Today Malaysia, Tomorrow Hong Kong

Seeing that the hope of a genuine democracy in Malaysia was shattered by corruption, Hong Kong netizens feel deeply pessimistic about the future general election, as election of the city is also fraud-stricken.

Malaysian electoral fraud was carried out under intentional power outage

According to the Facebook Page of Apple Daily,

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Einex Rane: Apple Apple, I’m a Malaysian citizen. I want you to help with this matter!

Today May 5th was the Election Day. Barisan National (BN) has completely controlled the media. Even the military and police have been bribed. It can be said that my country is hopeless. On the Press Freedom Day, many radio hosts wore black shirts to protest. However, they all received disciplinary punishment. Now, in Penang State, where I live, the Opposition has won already. However, in other states, some ministers or important officials used dirty tricks in their districts: motherf**king Minister of Health, Liow Tiong Lai, lost to his opponent, Wong Tack (He’s from Democratic Action Party (DAP). We call the party “Rocket”.), who had won with more than a thousand votes. Suddenly, there was a damning power outage, changing the voting result unexpectedly – Liow won with more than 300 votes.

The Facebook page of the Malaysian internet community JBTALKS posted a photo of the voting result of Baling in which the number of votes is more than that of voters.

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Number of voters: 65224

Number of votes for Democratic Action Party: 38,319

Number of votes for Barisan National: 43,503

Hong Kong netizens’ reaction

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Radio host 潘小濤: Remember: Today Malaysia; Tomorrow Hong Kong!

Methods of electoral fraud in Malaysia election:  dividing voting districts, vote-planting, ghost voters, power outage, claming others’ votes, adding ballot boxes suddenly, transporting migrant voters from Bangladesh etc.

One day, even if there were general election, they would use these dirty tricks to defeat us!

Today Malaysia, Tomorrow Hong Kong

“Today Malaysia, Tomorrow Hong Kong” Credits: Passion Times

Migrant voters; Ghost ballot boxes; Adding votes during power outage

TODAY MALAYSIA; TOMORROW HONG KONG

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Wong: Actually, in Hong Kong, there are voters who live in Mainland China and are sent to polling stations by tour buses; ghost voters…. If you are still indifferent to unfairness of election, counting votes in blackouts will eventually happen in Hong Kong.

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“Everybody please share it out quickly! Klang’s police is escorting lots of migrant voters!”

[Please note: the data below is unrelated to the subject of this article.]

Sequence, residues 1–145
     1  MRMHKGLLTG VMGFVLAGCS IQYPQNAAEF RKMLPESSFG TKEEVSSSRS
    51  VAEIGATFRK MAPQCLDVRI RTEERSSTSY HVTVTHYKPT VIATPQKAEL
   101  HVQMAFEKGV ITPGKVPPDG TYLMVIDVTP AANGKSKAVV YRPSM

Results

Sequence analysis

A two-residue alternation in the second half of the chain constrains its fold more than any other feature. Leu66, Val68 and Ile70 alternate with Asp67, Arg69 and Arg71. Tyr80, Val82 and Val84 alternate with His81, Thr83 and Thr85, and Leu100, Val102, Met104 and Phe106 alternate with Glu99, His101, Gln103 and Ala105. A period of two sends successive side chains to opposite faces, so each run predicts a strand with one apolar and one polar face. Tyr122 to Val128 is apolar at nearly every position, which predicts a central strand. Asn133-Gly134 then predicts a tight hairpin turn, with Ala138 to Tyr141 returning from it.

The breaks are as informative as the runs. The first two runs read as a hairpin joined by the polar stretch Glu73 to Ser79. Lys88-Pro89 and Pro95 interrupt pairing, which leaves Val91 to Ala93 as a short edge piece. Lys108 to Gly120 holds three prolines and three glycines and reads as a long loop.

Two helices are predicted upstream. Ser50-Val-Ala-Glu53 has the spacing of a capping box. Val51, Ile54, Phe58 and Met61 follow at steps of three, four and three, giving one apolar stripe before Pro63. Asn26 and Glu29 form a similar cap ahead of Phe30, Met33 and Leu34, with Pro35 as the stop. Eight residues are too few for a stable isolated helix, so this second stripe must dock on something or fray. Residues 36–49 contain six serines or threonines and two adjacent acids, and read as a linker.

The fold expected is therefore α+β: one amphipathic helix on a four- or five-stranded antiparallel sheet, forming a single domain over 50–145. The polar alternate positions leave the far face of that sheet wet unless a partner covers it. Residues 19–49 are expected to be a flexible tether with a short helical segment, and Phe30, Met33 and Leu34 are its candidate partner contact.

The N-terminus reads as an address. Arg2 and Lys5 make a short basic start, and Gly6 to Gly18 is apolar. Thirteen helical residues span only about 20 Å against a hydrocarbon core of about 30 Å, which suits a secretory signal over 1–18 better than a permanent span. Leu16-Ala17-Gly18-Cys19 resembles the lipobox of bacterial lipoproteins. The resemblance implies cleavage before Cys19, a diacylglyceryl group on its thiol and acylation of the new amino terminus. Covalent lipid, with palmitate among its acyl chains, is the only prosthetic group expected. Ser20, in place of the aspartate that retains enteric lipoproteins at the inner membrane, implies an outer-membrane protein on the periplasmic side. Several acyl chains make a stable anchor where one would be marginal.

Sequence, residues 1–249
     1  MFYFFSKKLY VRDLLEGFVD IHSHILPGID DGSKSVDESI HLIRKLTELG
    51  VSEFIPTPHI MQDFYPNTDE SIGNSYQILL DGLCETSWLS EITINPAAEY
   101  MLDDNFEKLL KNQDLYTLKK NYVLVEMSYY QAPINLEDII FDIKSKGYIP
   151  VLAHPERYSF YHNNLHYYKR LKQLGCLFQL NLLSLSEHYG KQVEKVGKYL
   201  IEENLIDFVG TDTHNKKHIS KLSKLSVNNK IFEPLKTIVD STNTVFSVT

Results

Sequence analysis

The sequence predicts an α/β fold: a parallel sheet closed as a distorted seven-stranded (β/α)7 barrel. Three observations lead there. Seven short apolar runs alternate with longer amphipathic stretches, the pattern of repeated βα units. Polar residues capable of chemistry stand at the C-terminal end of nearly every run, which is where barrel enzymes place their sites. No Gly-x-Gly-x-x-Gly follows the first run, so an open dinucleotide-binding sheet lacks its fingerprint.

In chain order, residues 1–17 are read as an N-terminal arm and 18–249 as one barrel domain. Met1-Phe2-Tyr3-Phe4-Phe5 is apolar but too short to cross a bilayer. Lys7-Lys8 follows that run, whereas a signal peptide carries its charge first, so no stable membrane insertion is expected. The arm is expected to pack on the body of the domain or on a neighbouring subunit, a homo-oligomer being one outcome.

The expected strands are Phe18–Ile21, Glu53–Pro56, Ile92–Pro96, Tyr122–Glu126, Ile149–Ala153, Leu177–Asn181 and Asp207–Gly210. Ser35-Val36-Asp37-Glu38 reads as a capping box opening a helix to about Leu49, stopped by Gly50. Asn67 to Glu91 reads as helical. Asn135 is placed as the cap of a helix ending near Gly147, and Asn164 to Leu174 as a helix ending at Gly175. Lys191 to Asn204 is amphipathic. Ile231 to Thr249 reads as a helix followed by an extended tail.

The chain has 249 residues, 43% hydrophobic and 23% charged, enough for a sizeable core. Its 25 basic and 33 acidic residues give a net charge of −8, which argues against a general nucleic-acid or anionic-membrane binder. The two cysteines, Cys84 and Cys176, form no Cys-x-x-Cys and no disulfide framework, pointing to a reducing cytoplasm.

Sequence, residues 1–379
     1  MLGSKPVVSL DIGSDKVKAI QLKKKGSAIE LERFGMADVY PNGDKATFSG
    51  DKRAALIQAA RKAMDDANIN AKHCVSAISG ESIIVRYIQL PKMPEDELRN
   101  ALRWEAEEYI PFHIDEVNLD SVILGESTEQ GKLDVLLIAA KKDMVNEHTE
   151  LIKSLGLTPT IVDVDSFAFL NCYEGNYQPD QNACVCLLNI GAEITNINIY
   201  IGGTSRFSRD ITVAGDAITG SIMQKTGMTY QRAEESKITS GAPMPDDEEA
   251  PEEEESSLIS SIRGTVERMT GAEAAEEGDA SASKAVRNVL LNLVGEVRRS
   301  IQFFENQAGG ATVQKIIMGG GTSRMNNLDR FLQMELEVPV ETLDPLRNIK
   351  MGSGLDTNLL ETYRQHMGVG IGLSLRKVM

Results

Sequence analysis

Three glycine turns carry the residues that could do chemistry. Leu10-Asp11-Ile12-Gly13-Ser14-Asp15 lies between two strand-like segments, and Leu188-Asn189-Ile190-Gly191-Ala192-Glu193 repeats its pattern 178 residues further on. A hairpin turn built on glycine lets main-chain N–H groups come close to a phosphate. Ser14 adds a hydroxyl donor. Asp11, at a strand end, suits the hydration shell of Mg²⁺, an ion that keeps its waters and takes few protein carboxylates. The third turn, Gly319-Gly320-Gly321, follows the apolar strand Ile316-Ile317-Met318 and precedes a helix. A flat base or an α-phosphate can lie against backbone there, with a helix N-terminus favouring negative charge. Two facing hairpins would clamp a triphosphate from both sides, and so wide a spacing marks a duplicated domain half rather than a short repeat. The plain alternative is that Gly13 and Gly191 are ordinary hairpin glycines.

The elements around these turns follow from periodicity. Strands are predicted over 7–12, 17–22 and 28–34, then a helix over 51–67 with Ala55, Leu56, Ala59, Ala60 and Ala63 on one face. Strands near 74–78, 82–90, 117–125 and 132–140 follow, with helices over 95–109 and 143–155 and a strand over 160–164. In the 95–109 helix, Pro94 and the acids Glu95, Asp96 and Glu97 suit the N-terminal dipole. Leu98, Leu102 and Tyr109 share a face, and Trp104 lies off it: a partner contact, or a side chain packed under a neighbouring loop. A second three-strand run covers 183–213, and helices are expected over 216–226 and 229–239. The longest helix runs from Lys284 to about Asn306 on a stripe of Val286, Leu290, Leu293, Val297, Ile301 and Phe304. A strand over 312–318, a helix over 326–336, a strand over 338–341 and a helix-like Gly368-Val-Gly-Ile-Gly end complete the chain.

Wong: Dose it sound familiar to you? In every election, buses after buses of senior citizens who have no self-will, Chinese colonists, and Hongkongers who live in China and are controlled by the Chinese government are sent to polling stations….

If the general election isn’t independent from China, it will absolutely not be a fair election. Before fighting for the general election, please fight to remove the dirty Chinese hands from Hong Kong first.

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Leu: Watching Malaysia election as an outsider, I think the most important revelation is that general election hold by dictators has no moral bottom line. Today Malaysia is tomorrow Hong Kong. It doesn’t matter if the so-called general election of 2017 and 2020 has pre-election mechanism. Even if a pan-democrat could participate the Chief Executive election, would it make any difference? Tricks like “power outage and ghost votes” can be used; Bribing staffs is even easier. Even if all the Hong Kong people voted for Audrey Eu, Starry Lee would still be the Chief Executive in the end. You can do nothing about it.

2013 May 7th Sharp Daily,

Malaysia Reminded Us of Hong Kong District Council Election

Malaysian ruling party Barisan National won the election; the losing Democratic Action Party refuses to concede, accusing that there was electoral fraud such as the ruling party hired cars and planes to send “ghost voters” to polling stations. We can’t help thinking of the 2011 Hong Kong District Council election. At that time, the media revealed many cases of pro-Beijing camp’s vote-rigging: Many addresses of “vote planting” belong to CCPCC members. For instance, Maoming CPPCC member Liang Ping’s address was revealed to have 13 voters with 7 surnames; there were tour buses sending elderly voters from Mainland China to Hong Kong polling stations; CPPCC’s organisations hold meetings in Hong Kong to mobilise its members to vote for pro-Beijing camp. Officials from the Liasion Office also joined the meetings; the Liaison Office “planted” its former official to join the District Council election.